Moses is back. His eyes look furious, his face is distorted in anger, he raises his hand in admonition. In front of the cathedral in Münster, North Rhine-Westphalia, he demands passersby to follow the eleventh commandment: “Thou shalt pay for your church congress yourselves,” the board next to him reads.
The bizarre performance of the three-meters-tall cardboard Moses last week in Münster was staged by the activist group “11th commandment.” The protesters are an alliance between the International League of Non-Religious and Atheists and the humanist Giordano Bruno Foundation. Their goal is to make sure that the Katholikentag, a massive Catholic congress scheduled for 2018, will not be subsidized by the city of Münster.
The oversized Moses had already made appearances at the cathedrals in Regensburg, Bavaria, and Leipzig in Saxony, protesting the subsidized religious festivals there too. David Farago, initiator of the campaign, said, “We feel treated unfairly because our tax money is used to pay for a Christian festival.”
The organizer of the congress, the Central Committee of German Catholics, is asking for €1.5 million from state coffers. Conflict over this subsidy has been lingering for months. Many take issue with the deeply indebted Münster forking out millions, while the Catholic Church sits on a fortune worth billions of euros.
The Church frequently bills German cities for its religious festivals – a Catholic congress averages between €8 and €10 million.
The city treasurer has €700 million ($872 million) of debt in his books, while the bishopric says its financial assets amounted to €2.4 million last year. Not included in this sum are the diocese’s real estate assets, lands and woodlands as well as yields from shares and inheritances.
The Church frequently bills German cities for its religious festivals – a Catholic congress averages between €8 and €10 million. The Protestant’s Church congress costs even more than €10 million. Generally, between one third and half of those expenses are covered from public coffers. The federal government contributes €400,000, the federal states provide between €3 million and €5 million, the cities up to €3 million.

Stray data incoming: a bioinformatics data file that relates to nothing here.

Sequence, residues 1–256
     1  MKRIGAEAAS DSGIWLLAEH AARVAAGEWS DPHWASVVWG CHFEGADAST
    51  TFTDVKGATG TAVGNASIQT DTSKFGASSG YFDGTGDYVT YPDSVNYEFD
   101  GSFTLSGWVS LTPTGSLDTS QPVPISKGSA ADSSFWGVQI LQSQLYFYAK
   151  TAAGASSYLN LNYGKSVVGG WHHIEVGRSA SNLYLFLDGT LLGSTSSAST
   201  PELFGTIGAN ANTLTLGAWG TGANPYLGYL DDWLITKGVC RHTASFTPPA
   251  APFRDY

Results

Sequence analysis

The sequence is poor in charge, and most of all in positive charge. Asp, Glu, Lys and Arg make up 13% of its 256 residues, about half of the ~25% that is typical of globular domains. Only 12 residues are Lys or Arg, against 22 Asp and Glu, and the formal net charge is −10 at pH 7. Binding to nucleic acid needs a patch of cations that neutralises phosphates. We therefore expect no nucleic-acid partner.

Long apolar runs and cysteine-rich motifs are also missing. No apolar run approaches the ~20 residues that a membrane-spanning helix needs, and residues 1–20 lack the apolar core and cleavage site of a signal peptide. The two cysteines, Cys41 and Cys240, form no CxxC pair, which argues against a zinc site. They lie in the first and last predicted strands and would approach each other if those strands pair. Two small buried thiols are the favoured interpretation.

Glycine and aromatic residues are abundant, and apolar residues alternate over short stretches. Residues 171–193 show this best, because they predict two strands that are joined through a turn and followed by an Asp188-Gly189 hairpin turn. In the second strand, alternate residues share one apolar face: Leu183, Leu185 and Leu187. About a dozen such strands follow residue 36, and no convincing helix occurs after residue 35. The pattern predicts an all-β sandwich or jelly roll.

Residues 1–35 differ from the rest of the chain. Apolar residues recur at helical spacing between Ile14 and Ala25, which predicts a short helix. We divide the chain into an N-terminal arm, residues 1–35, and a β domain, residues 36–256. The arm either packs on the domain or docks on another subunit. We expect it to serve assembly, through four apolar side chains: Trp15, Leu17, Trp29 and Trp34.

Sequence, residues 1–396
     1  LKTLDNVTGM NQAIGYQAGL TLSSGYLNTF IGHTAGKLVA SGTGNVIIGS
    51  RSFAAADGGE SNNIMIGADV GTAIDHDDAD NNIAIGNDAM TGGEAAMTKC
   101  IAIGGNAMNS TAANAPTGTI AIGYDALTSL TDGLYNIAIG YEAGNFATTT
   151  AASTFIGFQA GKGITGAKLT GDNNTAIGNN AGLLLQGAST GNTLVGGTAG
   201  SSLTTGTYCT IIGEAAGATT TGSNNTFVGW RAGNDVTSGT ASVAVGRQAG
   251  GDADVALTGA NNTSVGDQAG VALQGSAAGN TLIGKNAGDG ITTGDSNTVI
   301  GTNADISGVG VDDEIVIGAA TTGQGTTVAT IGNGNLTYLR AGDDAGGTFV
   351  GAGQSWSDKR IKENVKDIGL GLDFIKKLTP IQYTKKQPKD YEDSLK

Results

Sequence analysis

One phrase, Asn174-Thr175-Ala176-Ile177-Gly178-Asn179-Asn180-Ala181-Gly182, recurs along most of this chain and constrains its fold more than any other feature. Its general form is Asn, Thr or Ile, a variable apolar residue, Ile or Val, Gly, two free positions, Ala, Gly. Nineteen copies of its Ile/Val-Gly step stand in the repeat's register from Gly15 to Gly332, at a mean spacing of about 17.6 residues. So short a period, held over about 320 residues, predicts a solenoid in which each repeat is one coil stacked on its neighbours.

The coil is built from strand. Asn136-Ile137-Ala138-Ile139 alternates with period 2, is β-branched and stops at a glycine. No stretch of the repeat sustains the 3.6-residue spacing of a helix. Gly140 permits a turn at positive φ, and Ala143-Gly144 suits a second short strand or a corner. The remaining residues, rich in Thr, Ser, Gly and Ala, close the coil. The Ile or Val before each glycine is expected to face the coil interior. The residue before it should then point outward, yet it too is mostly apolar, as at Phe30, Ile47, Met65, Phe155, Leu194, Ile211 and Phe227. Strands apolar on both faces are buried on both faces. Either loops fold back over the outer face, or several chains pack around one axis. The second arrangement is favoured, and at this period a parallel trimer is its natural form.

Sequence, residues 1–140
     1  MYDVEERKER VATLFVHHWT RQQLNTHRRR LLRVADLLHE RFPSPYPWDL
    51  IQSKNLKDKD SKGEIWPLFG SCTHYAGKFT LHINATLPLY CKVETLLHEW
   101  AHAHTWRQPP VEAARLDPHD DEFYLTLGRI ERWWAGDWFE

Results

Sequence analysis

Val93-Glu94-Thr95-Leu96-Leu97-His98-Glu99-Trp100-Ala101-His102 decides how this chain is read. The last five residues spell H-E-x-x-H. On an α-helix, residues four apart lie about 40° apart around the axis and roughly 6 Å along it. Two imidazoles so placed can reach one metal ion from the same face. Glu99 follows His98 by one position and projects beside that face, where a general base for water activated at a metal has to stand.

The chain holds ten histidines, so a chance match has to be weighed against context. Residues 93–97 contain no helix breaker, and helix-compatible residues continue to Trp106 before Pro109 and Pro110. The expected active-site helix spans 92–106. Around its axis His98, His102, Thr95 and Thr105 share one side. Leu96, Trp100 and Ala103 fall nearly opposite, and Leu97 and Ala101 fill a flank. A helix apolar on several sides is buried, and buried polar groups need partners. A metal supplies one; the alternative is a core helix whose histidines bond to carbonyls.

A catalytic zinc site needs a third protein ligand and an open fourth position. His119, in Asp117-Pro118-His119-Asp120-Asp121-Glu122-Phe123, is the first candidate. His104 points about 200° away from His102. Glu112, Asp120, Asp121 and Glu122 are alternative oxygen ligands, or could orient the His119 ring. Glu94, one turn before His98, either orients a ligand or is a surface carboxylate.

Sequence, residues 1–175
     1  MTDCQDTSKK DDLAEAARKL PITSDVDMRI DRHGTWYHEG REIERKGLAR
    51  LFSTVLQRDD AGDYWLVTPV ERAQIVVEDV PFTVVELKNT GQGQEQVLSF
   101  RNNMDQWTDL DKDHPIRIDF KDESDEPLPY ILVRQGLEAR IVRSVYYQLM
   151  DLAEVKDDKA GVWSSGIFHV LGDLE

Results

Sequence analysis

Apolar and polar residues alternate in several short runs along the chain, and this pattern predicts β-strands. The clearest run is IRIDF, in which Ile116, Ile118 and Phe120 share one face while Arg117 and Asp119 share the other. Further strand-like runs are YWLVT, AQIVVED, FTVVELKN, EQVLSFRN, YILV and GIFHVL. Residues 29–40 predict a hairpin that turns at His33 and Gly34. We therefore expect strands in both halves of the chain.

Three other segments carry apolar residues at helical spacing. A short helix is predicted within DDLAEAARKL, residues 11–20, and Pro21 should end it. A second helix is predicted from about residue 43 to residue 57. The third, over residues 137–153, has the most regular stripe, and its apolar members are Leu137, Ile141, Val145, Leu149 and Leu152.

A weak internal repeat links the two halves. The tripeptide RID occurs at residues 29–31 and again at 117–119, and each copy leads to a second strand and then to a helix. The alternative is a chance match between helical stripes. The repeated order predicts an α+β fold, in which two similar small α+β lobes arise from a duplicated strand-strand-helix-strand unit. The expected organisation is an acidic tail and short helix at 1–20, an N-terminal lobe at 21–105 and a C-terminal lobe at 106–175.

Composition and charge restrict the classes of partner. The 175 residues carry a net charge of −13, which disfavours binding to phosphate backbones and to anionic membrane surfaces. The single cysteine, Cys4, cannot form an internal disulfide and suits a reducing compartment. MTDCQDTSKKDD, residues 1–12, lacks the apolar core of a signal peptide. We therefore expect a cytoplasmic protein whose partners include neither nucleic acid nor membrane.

The rest is covered by entrance fees, donations and subsidies by the Church and the Central Committee. The city of Mannheim, for example, provided €1.5 million for the 2012 congress, the state of Baden-Wurttemberg another €1.6 million. The Protestant festival in 2015 will be funded with €3.2 million by Stuttgart, Baden-Wurttemberg will top that off with another €5 million.
Supporters of the church subsidies claim that the congress improves the venue’s image and therefore benefits the city as well. But in terms of figures, Church congresses are a losing deal. The revenues of the hospitality sector cannot be counted as a profit because many hotels and restaurants don’t pay municipal taxes.
Many cities also dont bother to check the bill on the event. A spokeswoman of Regensburg in Bavaria said the city didn’t even gather data on profits and expenses for this year’s Catholic congress.
Not everyone likes to fly blind like that – especially not if money is in short supply already. In Leipzig, where the Catholic congress is set to be held for the 100th time in 2016, the amount of subsidies has been discussed fiercely.
Leipzig is another heavily indebted German city, currently being €700 million in the red. Opponents of the church subsidies furthermore criticize that only a little more than 4 percent of the city’s inhabitants profess to the Catholic faith. Nevertheless, the city council approved a €1 million subsidy in late September.
Even in the deeply Catholic state of Bavaria the Catholic congress evokes conflict. In the end, the city administration allocated only €1 million instead of €1.5 million as requested by the Central Committee of German Catholics.
Despite all the protests, the Catholic Church acts as if there was no opposition. The diocese invites the Central Committee to hold a Catholic congress in a vicinity at its own discretion – without even asking the respective city or state. Confronted with this fait accompli, cities are only left to react to the requests for millions of euros.
Anja Stehle is a trainee journalist at Handelsblatt. To contact the author: firstname.lastname@example.org.